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Technological revolutions call for social and political innovations

Technological revolutions call for social and political innovations Technological revolutions call for social and political innovations
Source: FRAN S CANO via arstation
The First Technological Revolution and Its Lessons
From a book
The First Technological Revolution and Its Lessons
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(...) In brief, the history of man's first technological revolution (irrigation - Ed. ) indicates the following:

1 .Technological revolutions create an objective need for social and political innovations. They create a need also for identifying the areas in which new institutions are needed and old ones are becoming obsolete.

2. The new institutions have to be appropriate to specific new needs There are right social and political responses to technology and wrong social and political responses. To the extent that only a right institutional response will do, society and government are largely circumscribed by new technology.

3. But the values these institutions attempt to realize, the human and social purposes to which they are applied, and, perhaps most important, the emphasis and stress laid on one purpose as against another, are largely within human control. The bony structure, the hard stuff of a society, is prescribed by the tasks it has to accomplish. But the ethos of the society is in man's hands and is largely a matter of the "how" rather than of the "what." 

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An example of a bad response from the government...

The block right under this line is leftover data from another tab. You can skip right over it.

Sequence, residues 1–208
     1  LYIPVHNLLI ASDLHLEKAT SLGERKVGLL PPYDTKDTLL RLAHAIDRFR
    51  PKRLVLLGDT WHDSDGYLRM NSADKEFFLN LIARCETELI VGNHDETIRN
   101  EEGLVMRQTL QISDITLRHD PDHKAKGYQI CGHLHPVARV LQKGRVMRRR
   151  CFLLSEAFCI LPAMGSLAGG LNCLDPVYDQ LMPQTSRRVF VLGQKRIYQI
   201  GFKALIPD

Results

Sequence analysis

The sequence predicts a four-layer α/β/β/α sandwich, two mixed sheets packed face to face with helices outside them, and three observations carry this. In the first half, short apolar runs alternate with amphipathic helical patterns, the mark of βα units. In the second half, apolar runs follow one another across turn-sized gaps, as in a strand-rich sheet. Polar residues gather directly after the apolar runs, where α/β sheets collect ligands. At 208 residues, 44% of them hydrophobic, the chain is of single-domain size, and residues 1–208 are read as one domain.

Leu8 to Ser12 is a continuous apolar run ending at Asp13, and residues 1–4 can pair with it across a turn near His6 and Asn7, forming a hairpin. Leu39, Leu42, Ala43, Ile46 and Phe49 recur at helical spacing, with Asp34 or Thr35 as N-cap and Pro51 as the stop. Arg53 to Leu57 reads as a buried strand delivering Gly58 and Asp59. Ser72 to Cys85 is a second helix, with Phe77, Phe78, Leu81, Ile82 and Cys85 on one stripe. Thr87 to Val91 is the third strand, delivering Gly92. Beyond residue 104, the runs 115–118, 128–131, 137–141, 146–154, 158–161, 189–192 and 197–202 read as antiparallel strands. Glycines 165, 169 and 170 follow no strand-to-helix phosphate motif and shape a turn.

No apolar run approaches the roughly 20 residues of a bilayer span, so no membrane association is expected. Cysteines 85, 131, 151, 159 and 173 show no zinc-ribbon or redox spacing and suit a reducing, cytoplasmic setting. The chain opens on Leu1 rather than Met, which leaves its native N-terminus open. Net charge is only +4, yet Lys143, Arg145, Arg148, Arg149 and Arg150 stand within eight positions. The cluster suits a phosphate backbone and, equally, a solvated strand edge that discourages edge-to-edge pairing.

In 1812 that the steam train was born in England and in 1825 that the first railway line opened to people began operating.

Soon much more efficient transport services than the horse-drawn carriages used for public transport (stagecoaches) transformed the market. The train was an extraordinary step forward for the users of the time: vehicles were now on time, increased safety, much longer and more convenient timetables.  

These new horseless careers created a terrifying competition for horse-drawn omnibuses, which could only foresee the imminent death of their activity.

And yet, through lobbying and the lack of vision of politicians, a law known as the "red flag law" was passed. The law imposed discriminatory rights of way on self-propelled vehicles, a speed limit of 4 km/h, and that they be preceded by a man on foot carrying a red flag.

This law, which was maintained for 30 years between 1865 and 1896 in England, severely hampered the development of the national road network and that of the still nascent English automobile industry.

By Marc.Solimen | 28/10/2019

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